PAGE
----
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15-446 Distributed Systems Spring 2009

15-446 Distributed Systems Spring 2009

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15-446 Distributed Systems Spring 2009

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  1. 15-446 Distributed SystemsSpring 2009 L-9 Logical Time

  2. Announcements • Project 1 update – Thursday • Due 2/26 • HW 1 – due Thursday

  3. Last Lecture – Clock Sync Important Lessons • Clocks on different systems will always behave differently • Skew and drift between clocks • Time disagreement between machines can result in undesirable behavior • Two paths to solution: synchronize clocks or ensure consistent clocks • Clock synchronization • Rely on a time-stamped network messages • Estimate delay for message transmission • Can synchronize to UTC or to local source

  4. Today's Lecture • LamportClocks • Vector Clocks • Mutual Exclusion • Election

  5. Example: Totally Ordered Multicasting • Updating a replicated database and leaving it in an inconsistent state

  6. Logical time and logical clocks (Lamport 1978) • Events at three processes

  7. Logical time and logical clocks (Lamport 1978) • Instead of synchronizing clocks, event ordering can be used • If two events occurred at the same process pi (i = 1, 2, … N) then they occurred in the order observed by pi, that is  • when a message, m is sent between two processes, send(m) happened before receive(m) • The happened before relation is transitive • the happened before relation is the relation of causal ordering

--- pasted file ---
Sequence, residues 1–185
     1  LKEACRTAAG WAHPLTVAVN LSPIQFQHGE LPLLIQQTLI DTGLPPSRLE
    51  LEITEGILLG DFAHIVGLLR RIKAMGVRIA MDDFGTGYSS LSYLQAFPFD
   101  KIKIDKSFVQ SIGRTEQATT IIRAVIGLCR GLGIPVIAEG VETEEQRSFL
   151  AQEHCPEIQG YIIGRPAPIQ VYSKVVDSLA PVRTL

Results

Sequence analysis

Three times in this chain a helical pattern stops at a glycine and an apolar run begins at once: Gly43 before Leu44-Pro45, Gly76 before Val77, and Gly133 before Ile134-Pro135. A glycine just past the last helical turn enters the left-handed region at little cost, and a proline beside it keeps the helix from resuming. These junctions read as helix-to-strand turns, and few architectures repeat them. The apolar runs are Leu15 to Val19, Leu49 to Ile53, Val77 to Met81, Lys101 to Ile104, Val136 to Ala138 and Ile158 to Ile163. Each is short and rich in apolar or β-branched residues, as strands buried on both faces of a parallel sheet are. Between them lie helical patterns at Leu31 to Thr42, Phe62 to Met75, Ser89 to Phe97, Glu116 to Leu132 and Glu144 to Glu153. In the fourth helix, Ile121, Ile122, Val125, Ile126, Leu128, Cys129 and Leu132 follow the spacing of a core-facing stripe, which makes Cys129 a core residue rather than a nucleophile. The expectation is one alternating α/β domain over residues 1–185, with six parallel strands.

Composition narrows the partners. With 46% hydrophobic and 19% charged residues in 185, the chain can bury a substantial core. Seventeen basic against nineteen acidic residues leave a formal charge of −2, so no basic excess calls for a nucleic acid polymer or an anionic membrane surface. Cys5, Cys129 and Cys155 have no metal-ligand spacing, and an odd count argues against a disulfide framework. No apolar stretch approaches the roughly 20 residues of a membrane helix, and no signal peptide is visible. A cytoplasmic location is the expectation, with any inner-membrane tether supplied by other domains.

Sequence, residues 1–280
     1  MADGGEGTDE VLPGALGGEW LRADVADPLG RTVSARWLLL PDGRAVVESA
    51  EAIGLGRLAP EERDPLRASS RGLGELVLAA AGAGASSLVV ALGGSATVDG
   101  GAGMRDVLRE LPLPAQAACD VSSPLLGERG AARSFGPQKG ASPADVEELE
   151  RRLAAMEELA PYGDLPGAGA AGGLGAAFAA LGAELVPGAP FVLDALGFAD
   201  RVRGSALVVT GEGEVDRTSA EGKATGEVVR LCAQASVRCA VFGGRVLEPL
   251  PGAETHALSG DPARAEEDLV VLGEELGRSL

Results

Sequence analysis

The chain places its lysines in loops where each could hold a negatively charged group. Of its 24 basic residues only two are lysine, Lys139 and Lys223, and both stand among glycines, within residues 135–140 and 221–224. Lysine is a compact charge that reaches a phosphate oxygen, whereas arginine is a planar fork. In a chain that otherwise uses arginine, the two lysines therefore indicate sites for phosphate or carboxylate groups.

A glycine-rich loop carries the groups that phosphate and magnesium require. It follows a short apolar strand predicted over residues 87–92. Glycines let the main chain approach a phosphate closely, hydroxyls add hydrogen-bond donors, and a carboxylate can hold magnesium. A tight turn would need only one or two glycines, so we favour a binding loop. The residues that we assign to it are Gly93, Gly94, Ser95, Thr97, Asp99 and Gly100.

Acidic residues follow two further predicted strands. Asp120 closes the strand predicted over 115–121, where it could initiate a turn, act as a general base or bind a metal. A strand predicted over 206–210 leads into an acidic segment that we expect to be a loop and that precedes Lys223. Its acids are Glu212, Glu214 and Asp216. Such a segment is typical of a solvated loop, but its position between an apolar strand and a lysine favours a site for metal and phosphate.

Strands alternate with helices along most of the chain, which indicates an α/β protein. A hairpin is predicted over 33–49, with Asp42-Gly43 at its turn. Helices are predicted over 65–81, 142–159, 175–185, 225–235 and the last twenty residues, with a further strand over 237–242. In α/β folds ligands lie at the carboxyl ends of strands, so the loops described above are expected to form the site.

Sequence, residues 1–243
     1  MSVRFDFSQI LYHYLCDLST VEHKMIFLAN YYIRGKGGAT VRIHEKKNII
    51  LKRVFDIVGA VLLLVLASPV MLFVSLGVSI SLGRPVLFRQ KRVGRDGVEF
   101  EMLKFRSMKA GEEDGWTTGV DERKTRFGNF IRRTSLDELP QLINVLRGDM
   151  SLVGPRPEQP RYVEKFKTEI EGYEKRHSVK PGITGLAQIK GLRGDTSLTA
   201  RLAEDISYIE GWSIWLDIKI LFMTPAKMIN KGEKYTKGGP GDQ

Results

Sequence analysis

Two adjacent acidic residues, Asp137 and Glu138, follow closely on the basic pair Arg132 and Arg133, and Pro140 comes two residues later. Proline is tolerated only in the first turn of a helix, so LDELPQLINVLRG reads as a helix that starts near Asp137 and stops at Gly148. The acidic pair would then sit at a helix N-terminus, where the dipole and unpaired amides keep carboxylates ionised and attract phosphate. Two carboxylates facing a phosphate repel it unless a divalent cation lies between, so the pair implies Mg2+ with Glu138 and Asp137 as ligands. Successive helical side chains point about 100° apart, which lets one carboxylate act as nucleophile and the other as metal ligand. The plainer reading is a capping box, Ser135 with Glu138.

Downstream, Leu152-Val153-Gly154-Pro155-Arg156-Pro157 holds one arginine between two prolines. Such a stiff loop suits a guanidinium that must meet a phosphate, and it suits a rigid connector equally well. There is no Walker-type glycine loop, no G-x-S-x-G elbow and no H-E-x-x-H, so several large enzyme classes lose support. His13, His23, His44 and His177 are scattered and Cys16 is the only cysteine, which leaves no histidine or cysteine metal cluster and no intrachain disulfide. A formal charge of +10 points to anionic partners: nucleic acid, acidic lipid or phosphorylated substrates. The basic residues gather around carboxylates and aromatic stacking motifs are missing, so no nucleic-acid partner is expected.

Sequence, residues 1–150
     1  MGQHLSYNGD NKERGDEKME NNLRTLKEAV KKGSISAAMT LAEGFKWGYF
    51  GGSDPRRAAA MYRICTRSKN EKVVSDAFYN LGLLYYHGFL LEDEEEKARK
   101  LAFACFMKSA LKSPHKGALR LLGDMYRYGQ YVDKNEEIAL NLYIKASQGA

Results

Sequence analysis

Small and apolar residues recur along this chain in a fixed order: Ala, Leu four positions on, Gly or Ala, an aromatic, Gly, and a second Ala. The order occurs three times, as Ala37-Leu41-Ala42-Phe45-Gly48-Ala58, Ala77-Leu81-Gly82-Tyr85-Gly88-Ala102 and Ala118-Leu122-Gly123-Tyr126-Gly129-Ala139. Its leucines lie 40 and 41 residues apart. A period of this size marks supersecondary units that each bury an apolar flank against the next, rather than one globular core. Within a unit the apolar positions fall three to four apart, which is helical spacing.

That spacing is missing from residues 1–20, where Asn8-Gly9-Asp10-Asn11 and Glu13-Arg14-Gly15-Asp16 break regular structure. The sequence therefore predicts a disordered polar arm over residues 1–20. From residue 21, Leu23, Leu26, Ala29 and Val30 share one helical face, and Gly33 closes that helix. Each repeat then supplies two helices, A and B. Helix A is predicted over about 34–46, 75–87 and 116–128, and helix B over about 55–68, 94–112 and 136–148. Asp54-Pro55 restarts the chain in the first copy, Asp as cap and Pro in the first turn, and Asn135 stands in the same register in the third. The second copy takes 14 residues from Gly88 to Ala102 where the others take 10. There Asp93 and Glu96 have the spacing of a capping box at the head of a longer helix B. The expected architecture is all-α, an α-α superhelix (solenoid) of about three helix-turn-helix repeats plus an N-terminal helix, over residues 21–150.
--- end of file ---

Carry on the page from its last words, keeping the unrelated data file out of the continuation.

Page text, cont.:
8. Logical time and logical clocks (Lamport 1978) • ab (at p1) cd (at p2) • bc because of m1 • also df because of m2

  9. Logical time and logical clocks (Lamport 1978) • Not all events are related by  • Consider a and e (different processes and no chain of messages to relate them) • they are not related by  ; they are said to be concurrent • written as a || e

  10. Lamport Clock (1) • A logical clock is a monotonically increasing software counter • It need not relate to a physical clock. • Each process pihas a logical clock, Li which can be used to apply logical timestamps to events • Rule 1: Li is incremented by 1 before each event at process pi • Rule 2: • (a) when process pisends message m, it piggybacks t = Li • (b) whenpjreceives (m,t) it sets Lj := max(Lj, t) and applies rule 1 before timestamping the event receive (m)

  11. Lamport Clock (1) • each of p1, p2, p3 has its logical clock initialised to zero, • the clock values are those immediately after the event. • e.g. 1 for a, 2 for b. • for m1, 2 is piggybacked and c gets max(0,2)+1 = 3

  12. Lamport Clock (1) • ee’ impliesL(e)<L(e’) • The converse is not true, that is L(e)<L(e') does not imply ee’ • e.g.L(b) > L(e) but b || e

  13. Today's Lecture • LamportClocks • Vector Clocks • Mutual Exclusion • Election

  14. Vector Clocks • Vector clocks overcome the shortcoming of Lamport logical clocks • L(e) < L(e’) does not imply e happened before e’ • Vector timestamps are used to timestamp local events • They are applied in schemes for replication of data

  15. Vector Clocks • Vi [ i] is the number of events that pi has timestamped • Vi [ j] ( j≠ i) is the number of events at pj that pi has been affected by Vector clock Vi at process pi is an array of N integers • initially Vi[j] = 0 for i, j = 1, 2, …N • before pi timestamps an event it sets Vi[i] := Vi[i] +1 • pipiggybacks t = Vi on every message it sends • when pi receives (m,t) it sets Vi[j] := max(Vi[j] , t[j]) j = 1, 2, …N ( then before next event adds1to own element using rule 2)